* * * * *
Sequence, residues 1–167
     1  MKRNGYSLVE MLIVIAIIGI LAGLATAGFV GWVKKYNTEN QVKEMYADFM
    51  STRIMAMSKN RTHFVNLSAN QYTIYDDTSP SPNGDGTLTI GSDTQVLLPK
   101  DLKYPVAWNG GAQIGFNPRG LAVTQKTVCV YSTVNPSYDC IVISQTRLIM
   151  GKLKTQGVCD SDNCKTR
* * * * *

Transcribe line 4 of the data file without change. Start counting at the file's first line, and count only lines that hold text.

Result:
   101  DLKYPVAWNG GAQIGFNPRG LAVTQKTVCV YSTVNPSYDC IVISQTRLIM